What's the Difference Between Virtualization And Emulation? Why it Matters

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Both emulation and virtualization serve the same purpose: to run another operating system in a virtual machine. However, each does this differently, and when it can be used, virtualization is much faster.

A question of performance

The short answer is that emulation is much slower than virtualization, and it all boils down to hardware optimizations.

Emulation is the most basic form of running an application on an unwanted host. An emulator takes commands intended for the target system and translates them into something the host computer can understand and execute. This usually involves emulating the opcodes and registers of the processor. A good example of this is the emulation of older games, like the Nintendo N64, on a modern PC. The PC cannot run N64 games directly, but the emulator is able to take the instructions intended for the N64 and execute them as close as possible to perfection.

Although the term “emulation” is commonly used to refer to the emulation of video games, it is just as often used for professional applications. For example, maybe you have some essential legacy software, which needs to work on a system like DOS. Running it in an emulator on a new server can often be easier than running it on a machine from then on. It can also refer to software that emulates the effects of legacy hardware, such as emulating old network controllers.

However, emulation can be unnecessarily slow. An extremely common use case is to run multiple Linux virtual machines on a host operating system. When the host machine is the same as the virtual machine, full emulation of the entire processor is very slow compared to normal execution.

Therefore, most virtual machines will use hardware-optimized virtualization technology. On Intel, this technology is called Intel-VT, and on AMD, it is called AMD-V. Both accomplish the same goal of virtualizing x86 applications. If you are using a desktop computer, you may need to enable them in BIOS if they are not enabled by default.

Virtualization is often used in combination with a hypervisor, which is a barebones operating system that manages multiple virtual private servers. If you’re renting a VPS from a cloud compute company like AWS, it’s likely running on a hypervisor like Nitro, Proxmox, or Hyper-V from AWS. Modern hypervisors can achieve very close to native performance (also called “bare metal”). While there is always a bit of overhead, it’s better than having to emulate it.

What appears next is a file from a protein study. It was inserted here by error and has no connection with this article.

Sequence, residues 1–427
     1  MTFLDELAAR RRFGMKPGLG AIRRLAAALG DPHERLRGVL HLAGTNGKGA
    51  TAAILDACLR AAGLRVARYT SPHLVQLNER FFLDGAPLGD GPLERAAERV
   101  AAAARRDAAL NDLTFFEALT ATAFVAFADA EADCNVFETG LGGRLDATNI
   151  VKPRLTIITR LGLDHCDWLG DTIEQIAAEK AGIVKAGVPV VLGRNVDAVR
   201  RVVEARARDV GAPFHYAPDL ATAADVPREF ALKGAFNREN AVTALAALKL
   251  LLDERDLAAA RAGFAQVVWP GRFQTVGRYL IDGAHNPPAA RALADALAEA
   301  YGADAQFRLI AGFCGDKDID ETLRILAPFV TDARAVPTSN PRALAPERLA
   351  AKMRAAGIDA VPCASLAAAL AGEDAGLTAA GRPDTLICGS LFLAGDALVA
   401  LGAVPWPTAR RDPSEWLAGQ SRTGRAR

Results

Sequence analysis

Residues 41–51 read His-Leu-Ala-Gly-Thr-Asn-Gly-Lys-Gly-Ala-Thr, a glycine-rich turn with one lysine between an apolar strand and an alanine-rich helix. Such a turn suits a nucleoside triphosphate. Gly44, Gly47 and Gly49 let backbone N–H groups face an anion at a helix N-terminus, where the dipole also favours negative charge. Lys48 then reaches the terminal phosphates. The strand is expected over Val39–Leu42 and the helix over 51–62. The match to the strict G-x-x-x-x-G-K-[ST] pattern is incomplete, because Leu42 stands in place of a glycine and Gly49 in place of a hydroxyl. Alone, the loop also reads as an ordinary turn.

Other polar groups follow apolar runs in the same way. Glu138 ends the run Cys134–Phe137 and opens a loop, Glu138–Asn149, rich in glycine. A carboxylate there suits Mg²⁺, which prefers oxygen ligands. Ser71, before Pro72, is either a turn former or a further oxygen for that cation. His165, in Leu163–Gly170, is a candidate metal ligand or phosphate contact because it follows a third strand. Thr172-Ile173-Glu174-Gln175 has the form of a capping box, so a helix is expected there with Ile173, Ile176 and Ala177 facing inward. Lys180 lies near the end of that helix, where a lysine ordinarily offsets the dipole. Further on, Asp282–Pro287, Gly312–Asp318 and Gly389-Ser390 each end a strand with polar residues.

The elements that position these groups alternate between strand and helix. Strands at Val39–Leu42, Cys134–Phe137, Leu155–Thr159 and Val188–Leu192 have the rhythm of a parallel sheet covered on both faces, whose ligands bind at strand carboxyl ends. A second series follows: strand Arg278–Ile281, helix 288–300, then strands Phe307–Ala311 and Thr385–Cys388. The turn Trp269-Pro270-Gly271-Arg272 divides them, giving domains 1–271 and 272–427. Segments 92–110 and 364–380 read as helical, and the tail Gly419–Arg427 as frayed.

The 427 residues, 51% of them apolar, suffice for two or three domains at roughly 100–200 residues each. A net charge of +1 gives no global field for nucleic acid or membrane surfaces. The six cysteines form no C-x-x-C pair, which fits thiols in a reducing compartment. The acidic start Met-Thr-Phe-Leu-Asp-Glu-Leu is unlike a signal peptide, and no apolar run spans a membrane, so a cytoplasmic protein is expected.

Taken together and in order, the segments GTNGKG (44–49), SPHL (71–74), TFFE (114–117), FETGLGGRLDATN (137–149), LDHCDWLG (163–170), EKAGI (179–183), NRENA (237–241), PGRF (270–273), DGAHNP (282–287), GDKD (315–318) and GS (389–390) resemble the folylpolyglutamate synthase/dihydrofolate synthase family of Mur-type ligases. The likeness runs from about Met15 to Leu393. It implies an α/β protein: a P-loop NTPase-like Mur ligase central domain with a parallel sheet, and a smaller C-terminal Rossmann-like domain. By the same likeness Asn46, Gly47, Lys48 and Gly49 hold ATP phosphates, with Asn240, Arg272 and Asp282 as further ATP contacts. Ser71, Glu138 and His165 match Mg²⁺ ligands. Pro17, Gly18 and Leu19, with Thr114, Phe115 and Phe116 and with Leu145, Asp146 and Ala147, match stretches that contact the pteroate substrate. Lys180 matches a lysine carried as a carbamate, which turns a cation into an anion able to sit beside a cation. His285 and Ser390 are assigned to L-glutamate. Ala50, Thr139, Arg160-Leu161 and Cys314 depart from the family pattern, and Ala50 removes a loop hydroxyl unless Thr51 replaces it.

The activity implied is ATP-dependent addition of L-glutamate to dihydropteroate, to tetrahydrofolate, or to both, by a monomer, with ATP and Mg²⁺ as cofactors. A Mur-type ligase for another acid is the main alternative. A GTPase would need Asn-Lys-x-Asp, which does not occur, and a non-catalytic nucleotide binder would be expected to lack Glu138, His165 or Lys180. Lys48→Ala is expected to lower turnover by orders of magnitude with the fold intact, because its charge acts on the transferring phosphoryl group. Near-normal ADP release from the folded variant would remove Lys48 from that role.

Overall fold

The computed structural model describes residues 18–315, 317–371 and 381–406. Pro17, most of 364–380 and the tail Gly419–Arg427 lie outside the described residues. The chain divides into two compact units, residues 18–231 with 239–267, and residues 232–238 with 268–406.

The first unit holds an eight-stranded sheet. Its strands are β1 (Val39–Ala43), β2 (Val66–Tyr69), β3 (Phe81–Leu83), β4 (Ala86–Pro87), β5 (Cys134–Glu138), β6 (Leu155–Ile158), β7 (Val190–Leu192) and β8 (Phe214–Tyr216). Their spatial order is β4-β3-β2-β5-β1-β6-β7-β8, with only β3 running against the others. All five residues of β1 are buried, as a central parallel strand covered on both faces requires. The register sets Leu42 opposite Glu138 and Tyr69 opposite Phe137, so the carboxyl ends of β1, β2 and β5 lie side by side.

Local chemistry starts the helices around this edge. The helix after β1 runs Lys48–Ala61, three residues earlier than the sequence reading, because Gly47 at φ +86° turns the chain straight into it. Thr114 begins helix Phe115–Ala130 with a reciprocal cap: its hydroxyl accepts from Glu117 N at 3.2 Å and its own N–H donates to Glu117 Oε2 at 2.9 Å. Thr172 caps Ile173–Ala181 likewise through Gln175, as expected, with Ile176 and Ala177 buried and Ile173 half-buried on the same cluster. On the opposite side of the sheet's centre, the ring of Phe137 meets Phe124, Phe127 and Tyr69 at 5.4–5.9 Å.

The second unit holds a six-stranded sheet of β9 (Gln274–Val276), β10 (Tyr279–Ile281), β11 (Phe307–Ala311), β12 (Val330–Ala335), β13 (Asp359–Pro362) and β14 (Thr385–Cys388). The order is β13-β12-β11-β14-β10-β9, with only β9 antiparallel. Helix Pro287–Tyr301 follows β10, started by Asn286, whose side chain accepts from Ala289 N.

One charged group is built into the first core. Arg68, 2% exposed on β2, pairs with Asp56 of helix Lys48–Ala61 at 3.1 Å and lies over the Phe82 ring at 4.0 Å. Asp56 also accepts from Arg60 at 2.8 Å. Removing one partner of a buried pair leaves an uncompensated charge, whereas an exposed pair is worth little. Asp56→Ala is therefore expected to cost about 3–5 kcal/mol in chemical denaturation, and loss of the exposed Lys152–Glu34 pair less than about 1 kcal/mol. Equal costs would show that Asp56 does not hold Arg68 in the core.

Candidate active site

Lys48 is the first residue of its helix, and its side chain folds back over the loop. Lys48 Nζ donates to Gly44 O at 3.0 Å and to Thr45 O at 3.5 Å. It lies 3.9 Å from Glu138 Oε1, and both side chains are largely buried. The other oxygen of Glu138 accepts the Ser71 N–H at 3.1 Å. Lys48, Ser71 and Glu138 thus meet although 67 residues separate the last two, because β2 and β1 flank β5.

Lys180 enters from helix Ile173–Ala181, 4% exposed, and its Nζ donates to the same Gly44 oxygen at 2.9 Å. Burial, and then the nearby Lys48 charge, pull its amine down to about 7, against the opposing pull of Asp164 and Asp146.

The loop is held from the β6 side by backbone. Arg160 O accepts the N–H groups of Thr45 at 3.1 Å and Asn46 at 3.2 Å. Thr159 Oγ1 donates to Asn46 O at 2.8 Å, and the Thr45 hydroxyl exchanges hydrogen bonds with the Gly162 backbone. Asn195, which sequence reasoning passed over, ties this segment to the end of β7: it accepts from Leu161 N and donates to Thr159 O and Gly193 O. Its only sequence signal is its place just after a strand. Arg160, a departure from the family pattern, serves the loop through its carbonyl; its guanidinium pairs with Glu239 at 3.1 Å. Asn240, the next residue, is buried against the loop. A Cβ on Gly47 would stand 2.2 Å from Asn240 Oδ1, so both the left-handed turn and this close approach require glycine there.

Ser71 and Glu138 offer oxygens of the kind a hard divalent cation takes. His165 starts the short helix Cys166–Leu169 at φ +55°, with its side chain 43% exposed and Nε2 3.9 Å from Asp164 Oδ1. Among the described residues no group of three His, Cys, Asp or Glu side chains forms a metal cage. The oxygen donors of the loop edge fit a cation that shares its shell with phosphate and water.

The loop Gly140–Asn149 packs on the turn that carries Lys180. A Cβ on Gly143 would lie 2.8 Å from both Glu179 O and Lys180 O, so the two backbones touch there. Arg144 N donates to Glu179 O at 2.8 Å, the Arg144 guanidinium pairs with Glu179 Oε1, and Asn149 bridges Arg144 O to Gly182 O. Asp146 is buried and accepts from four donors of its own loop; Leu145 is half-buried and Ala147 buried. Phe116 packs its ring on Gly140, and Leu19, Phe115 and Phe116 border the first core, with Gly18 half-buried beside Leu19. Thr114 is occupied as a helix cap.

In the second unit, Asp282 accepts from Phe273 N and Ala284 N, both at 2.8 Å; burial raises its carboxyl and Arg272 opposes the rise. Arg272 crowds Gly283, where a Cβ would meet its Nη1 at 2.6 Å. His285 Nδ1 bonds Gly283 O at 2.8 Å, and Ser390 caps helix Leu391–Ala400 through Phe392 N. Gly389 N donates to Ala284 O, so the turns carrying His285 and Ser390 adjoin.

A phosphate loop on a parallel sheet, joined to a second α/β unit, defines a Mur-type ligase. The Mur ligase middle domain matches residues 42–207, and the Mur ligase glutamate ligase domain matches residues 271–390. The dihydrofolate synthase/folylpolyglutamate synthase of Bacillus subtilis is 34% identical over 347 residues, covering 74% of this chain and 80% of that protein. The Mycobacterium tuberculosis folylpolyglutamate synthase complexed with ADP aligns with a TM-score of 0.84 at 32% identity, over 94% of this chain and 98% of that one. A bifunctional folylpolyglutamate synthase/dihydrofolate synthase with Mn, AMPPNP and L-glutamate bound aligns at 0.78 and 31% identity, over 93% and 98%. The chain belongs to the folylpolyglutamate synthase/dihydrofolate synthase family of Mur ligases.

Virtualization almost always works best if you virtualize the same architecture. For example, x86 processors from AMD and Intel will be able to virtualize x86 operating systems like standard Windows and Linux. While it’s technically not impossible for an ARM processor to virtualize an x86 processor, that’s usually not one thing.

This can be a problem, as in the case of Apple’s new ARM-based Macbooks which run on their own M1 processors. Virtualization of x86 operating systems is not supported. While you can still run other operating systems with programs like Parallels, this is going to be much slower as it will have to resort to emulation.

So in conclusion, if you are going to be running a program from another operating system, you will want to make sure that you do so using some sort of virtualization if you want to achieve near 100% native speed.

How does Docker compare?

Docker allows you to run application containers, which are isolated packages that contain all the code needed to run an application. It is also very secure; a host machine can run multiple Docker containers without worrying that they will come out of the container or spoil with each other.

In many ways, Docker achieves the exact same goal of running multiple applications in private Linux virtual machines, but under the hood it does things a little differently.

Docker does not use emulation or virtualization. It runs all code directly on the processor and host system, without virtualization overhead. In order to isolate containers, it intelligently uses Linux namespaces, among other features that can isolate processes in their own “container jail.” Processes inside the jail cannot see or interact with files, processes, or system resources that are not assigned to them.

This achieves a system in which multiple applications can run next to each other on a host operating system without the overhead of a separate operating system for each virtual private server. For a provider like AWS, this saves a lot of money.

If you are planning to virtualize, but are concerned about performance, Docker has virtually no overhead compared to running applications on bare metal. You can read our guide to get started to learn more.

RELATED: How to package your application infrastructure with Docker

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